Some bad habits will kill you, literally. Drug abuse, smoking, and excessive alcohol consumption are a few of the lifestyle habits that can chop years off your life and create a lifetime of health problems.
And there are habits that will slowly kill you in other ways. These bad habits include activities such as drinking too much soda, watching too much TV, getting too much sun exposure, and not getting enough sleep. But sometimes we slip into bad habits because we’re lazy and we just like being comfortable all the time, even if our habits can lead to long-term discomfort.
In my adult years, I’ve had a lot of bad habits. I drank too much (soda, coffee, alcohol, etc.), I watched too much TV, I didn’t sleep enough, and I didn’t exercise enough. The results of this sedentary, unhealthy lifestyle resulted in me being overweight, overstressed, and overwhelmed with life.
Over the past few years, I’ve worked on eliminating most of my bad habits, so that I have become healthier, happier, and more content with my life. It hasn’t been easy, especially in the beginning of trying to eliminate my bad habits, but with practice comes progress and with progress comes persistence.
Here’s a few things that I don’t do much of anymore:
- Drink soda, including the “guilt-free” diet sodas.
- Check email after 6pm.
- Watch TV.
In place of not doing the above things, here’s what I do instead:
- I drink more water.
- I get more sleep, with at least 7-8 hours each day.
- I read and write.
So how do you break the vicious cycle of bad lifestyle habits? Here’s the five-step process I’ve used to stop my bad habits:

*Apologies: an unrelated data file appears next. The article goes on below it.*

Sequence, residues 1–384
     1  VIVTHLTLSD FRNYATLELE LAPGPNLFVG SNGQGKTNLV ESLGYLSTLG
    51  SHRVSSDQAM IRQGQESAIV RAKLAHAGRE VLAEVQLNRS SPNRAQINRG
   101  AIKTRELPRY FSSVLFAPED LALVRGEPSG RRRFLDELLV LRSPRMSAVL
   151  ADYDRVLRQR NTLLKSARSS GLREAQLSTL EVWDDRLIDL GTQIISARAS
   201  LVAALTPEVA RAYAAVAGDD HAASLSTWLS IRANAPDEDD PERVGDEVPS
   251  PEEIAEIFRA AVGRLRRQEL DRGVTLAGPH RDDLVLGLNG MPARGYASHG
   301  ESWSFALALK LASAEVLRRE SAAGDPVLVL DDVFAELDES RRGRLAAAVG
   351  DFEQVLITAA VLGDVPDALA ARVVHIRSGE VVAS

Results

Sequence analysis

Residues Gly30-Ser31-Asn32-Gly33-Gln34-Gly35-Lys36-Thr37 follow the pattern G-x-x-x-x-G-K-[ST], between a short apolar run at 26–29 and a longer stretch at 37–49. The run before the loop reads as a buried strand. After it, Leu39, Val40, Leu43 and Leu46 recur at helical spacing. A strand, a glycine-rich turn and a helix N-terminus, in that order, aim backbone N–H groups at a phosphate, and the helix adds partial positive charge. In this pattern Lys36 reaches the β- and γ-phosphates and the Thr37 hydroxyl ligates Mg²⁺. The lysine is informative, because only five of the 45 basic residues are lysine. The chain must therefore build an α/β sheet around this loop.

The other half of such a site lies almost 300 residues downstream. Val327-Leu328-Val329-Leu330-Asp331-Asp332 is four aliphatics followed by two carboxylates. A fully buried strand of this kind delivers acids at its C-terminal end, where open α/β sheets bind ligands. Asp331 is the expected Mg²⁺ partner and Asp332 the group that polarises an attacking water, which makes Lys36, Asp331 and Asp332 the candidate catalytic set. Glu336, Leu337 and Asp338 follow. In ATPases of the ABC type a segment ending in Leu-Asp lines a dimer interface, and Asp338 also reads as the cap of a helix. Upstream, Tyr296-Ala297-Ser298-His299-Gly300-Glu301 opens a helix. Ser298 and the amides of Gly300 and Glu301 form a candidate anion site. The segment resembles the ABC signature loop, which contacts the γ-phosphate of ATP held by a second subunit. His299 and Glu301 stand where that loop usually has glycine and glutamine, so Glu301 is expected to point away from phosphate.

- Eliminate your triggers. You need to cut your habit cold turkey, so you don’t coax yourself back into your bad habits. Make it easy to resist temptation by eliminating the temptation altogether. If you want to watch less TV, cut your cable service. If you want to drink less soda, don’t have any sodas in your house. If you want to stop eating too many sweets, then don’t buy any desserts at the supermarket to take home. What’s out of sight will be out of mind. Get rid of the things that feed your bad habits.
- Substitute with better stuff. By eliminating your temptations, you’ll need to fill the void with better things. Cut coffee from your diet? Sleep more instead. Not watching TV anymore? Read, write, or spend time with your family. Stopped smoking? Chew some gum or go for a run to ease your cravings. Stopping bad habits helps you form good habits.
- Keep it up. Breaking bad habits isn’t easy. Persistence is key. You have to recommit yourself daily to make things work. If it helps, keep a journal to track your progress. There will be setbacks, temptations, and missteps, but don’t give up. It’s a long road to success, so take everything in stride.
- Enlist the support of others. Your rate of success will increase considerably when you have someone to report to, whether he or she is your spouse, parent, sister, brother, friend, or whoever can keep you accountable. If you’re really keen on changing your bad habits, make your goal a public one on Facebook or Instagram and let all your online friends cheer you on as you make progress.
- Take a break sometimes. Everything is better in moderation. If you’re on a strict diet, take a “cheat day” every week. One day of indulgence will give you the boost you need to keep up your diet for the long-run. If you’re trying to stop your excessive alcohol consumption, once you have control of your impulses, reward yourself with a glass of wine or a beer once a month. You’ll discover that you can have that drink without needing more, now that you’ve taken control of your bad habit.
It’s not easy to break bad habits, but with fortitude, perseverance, and support, you’ll be able to regain control of your life again. And when bad habits are broken, you’ll feel stronger, healthier, happier, and more capable of taking on even bigger challenges.
With each step on your road to a better lifestyle, you’ll gain more confidence, increase your momentum, and keep moving forward. And once you’re really moving, you’ll figure out that changing your direction wasn’t so hard after all.